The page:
Never again will I have to hold his floppy head to my breast to teach him to nurse. Never again will I cup his tiny little body close to mine to calm him, hoping he remembers the sound of my heartbeat. Never again will I have a six-month-old Henry. Or a five-month-old, four-month-old, three-month-old, two-month-old, one-month-old, three-weeks-old, two-days-old, newborn baby Henry.

Feeding himself.
Feeding himself.

The thought’s occurred to me before that it’s okay that time’s passing, because I want to have another baby. That I’ll be able to do it again; to hold my own little newborn baby, to be the only one to calm them down, to be so close.

But I realized tonight that it won’t be the same. I’ll have a two- or three-year-old son running around as a distraction. I’ll be worn out. And it won’t be Henry. It won’t be the first time; like watching a movie the second time or reading a book the second time. The surprises don’t hit you the same way.

I worry that I’ve missed it. I was on my phone, or talking to someone, and I missed it. Henry will never be seven months, two weeks and five days old again. That was just for today, and I was working, Facebooking, sending a press release, designing a postcard, chatting, hanging laundry, driving, in a meeting. I missed it. I missed him today.

Sleeping on Daddy.
Sleeping on Daddy.

Every day is letting go. Every day he is further from me. No longer a part of me. When he doesn’t want to breastfeed any more, our bond will just be a token. I won’t need a babysitter to bring him to me every two hours. We could go our lifetimes apart and he would probably be okay. Someone else can comfort him, after that’s gone.

It breaks my heart. Seriously makes me well up with tears to think about.

From birth, parenting is just a bunch of letting go. First he’s no longer a part of me. Then as he can hold his own head up, feed himself, eat food other than my milk, no longer needs to be carried around. Parents of teenagers, I don’t envy you.

I’m starting to realize why everyone glows at you when you’re pregnant or carrying a newborn.

It’s the best. It’s all ahead of you.

A fleeting moment.
A fleeting moment.

It’s the very very best. The closest. The part where your child needs you the most. The road into the unknown stretches out ahead, all sunshine and blank canvas.

My baby is growing up. He’s still so new, but no longer a newborn. This is so painful. I miss my newborn Henry so badly. It hurts, makes my chest cave in, to think that I will never hold my newborn Henry again.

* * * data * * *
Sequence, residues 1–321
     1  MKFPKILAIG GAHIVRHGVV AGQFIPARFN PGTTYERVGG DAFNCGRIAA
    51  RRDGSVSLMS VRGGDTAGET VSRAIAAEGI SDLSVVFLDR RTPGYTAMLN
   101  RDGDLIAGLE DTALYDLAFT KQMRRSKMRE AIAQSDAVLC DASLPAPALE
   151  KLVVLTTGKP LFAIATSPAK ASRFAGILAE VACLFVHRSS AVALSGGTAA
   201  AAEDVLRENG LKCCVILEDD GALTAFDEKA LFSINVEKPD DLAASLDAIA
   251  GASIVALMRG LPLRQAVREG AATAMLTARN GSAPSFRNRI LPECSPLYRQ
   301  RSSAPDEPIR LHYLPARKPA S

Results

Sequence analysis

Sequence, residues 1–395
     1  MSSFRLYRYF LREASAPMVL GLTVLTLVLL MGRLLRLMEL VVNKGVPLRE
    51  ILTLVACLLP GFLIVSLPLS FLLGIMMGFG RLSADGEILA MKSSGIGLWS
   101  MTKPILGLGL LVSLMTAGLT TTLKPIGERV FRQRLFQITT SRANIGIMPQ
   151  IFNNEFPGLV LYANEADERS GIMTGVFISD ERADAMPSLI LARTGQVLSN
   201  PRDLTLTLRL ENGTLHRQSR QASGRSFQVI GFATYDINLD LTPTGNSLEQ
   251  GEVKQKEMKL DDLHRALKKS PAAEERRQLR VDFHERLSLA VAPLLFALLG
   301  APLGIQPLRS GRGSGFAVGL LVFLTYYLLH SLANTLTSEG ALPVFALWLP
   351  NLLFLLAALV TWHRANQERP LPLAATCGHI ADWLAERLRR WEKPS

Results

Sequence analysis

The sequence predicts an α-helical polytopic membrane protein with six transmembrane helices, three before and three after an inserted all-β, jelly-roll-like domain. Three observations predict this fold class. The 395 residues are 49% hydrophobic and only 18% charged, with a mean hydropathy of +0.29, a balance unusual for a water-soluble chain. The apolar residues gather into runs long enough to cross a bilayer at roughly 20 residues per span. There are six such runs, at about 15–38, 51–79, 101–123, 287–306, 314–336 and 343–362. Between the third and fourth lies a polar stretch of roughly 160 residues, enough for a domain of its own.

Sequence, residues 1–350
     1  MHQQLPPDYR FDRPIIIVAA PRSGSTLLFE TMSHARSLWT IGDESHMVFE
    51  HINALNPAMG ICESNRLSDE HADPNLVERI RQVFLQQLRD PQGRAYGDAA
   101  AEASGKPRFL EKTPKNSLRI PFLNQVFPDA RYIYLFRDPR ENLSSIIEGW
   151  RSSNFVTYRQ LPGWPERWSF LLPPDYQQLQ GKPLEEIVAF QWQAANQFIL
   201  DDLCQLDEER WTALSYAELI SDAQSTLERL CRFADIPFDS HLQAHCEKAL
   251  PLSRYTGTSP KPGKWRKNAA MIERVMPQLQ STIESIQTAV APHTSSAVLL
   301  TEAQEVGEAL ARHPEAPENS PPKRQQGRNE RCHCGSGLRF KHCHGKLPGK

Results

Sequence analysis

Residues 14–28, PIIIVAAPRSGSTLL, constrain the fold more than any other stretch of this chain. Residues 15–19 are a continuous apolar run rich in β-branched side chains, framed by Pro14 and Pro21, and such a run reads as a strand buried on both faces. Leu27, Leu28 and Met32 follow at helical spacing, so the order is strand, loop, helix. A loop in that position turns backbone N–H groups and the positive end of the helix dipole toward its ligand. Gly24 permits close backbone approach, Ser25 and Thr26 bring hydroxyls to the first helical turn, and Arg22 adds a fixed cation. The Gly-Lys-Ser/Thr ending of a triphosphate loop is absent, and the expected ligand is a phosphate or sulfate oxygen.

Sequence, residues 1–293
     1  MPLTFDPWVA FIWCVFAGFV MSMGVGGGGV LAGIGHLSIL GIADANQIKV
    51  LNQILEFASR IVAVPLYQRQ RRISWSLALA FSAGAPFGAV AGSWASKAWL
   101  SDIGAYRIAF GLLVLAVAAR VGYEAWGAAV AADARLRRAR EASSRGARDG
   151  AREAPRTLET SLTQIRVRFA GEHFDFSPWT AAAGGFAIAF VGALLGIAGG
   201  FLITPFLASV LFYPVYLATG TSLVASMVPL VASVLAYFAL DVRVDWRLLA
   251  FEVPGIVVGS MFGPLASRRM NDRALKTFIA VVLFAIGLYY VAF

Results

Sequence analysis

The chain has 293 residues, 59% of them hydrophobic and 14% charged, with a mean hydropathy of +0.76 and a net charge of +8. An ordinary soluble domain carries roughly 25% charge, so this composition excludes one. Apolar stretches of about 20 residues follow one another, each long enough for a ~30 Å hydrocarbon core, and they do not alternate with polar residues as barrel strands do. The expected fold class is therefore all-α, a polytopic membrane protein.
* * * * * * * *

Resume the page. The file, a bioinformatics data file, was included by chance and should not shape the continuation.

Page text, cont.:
He doesn’t exist.

My newborn Henry doesn’t exist any more.

I can’t think of anything more awful than that. I mourn for my son. He’s gone; the little curled frog legs, the long wispy brown hair, the twitchy breathing and high-pitched sleep squeaks. I wish I took more video. But it’s just not the same.

I console myself knowing that newborn Henry has grown into infant Henry, and infant Henry is the most beautiful, bright, happy, funny boy in the history of children. He’s amazing. He’s perfect. He’s a shining star, radiating joy and love.

And when he doesn’t exist any more, I’ll have toddler Henry to keep me busy. And then little boy Henry, and older boy Henry, preteen Henry, teen Henry, young adult Henry, adult Henry and beyond — all wonderful people I look forward to meeting.

… If I can just try to let go of his past selves.

What to feed the kid

Henry doing baby-led weaning with some steamed local organic sweet potato
Henry doing baby-led weaning with some steamed local organic sweet potato

Man, my head is spinning about what to do with food. For six months we’ve had it pretty easy with breastfeeding, and now starting solid foods is boggling my mind. Like an issue of Women’s World where you’re told to eat cranberries for your bladder and eat chocolate for happiness and eat blueberries to live longer and eat flax seed for your brain…

You start off like, oh sure, I could eat more cranberries. I could get them and eat them every day, I guess. I want to be healthy. And then by the end of four pages, you’re just like, wow, I need to eat one of everything in the entire grocery store to be healthy. Which isn’t possible or true, of course.

So yeah, feeding Henry. We have our own dietary choices in place, already.

  • We are vegetarian and inching more and more toward wanting to stick to a vegan diet.
  • We’re not always awesome about it, and are far from exclusive on it, but I would like to be as much of a localvore as possible. Given the choice between paying more for something made or grown locally, I’ll usually pick the local thing.
  • Same goes for organics – not everything we eat is organic or GMO-free, but we lean that way.
  • I try to buy foods with as few different ingredients and additives as possible, especially random stuff like dyes and corn starch and chemical-sounding names, and definitely steer clear of the obviously awful stuff like high fructose corn syrup (of course there are exceptions, but they’re conscious choices when we do make the exception). I also try to avoid stuff that’s super processed. For example, I’d rather just buy a butternut squash than buy a prepackaged squash soup.
  • Also, I am bugged by food with lots of packaging.
  • AND I don’t have a TON of time to make stuff from scratch, so while I will soak dried beans and do other stuff like that, it’s not always super convenient.